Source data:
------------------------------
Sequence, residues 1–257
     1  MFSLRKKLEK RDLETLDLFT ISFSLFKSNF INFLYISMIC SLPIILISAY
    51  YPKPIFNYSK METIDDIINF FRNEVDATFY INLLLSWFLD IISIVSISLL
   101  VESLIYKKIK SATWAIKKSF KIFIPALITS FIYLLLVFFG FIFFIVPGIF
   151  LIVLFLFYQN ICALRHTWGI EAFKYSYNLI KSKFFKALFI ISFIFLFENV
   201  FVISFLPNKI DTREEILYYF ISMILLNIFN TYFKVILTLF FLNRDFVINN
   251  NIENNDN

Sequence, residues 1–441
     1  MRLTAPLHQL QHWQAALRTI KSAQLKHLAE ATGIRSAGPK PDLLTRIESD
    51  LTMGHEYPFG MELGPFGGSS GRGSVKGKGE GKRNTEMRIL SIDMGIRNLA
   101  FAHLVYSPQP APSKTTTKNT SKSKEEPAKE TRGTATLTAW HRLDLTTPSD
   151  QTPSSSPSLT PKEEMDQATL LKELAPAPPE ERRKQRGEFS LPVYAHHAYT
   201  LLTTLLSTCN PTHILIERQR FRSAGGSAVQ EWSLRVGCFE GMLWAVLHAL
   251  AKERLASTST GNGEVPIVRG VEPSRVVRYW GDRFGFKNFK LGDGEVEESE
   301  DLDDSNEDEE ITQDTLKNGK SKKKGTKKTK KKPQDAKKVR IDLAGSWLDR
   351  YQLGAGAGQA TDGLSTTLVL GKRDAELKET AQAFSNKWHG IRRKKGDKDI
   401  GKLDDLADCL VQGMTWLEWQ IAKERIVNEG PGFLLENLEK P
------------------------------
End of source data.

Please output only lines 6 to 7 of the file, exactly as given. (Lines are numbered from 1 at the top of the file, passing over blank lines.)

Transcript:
   201  FVISFLPNKI DTREEILYYF ISMILLNIFN TYFKVILTLF FLNRDFVINN
   251  NIENNDN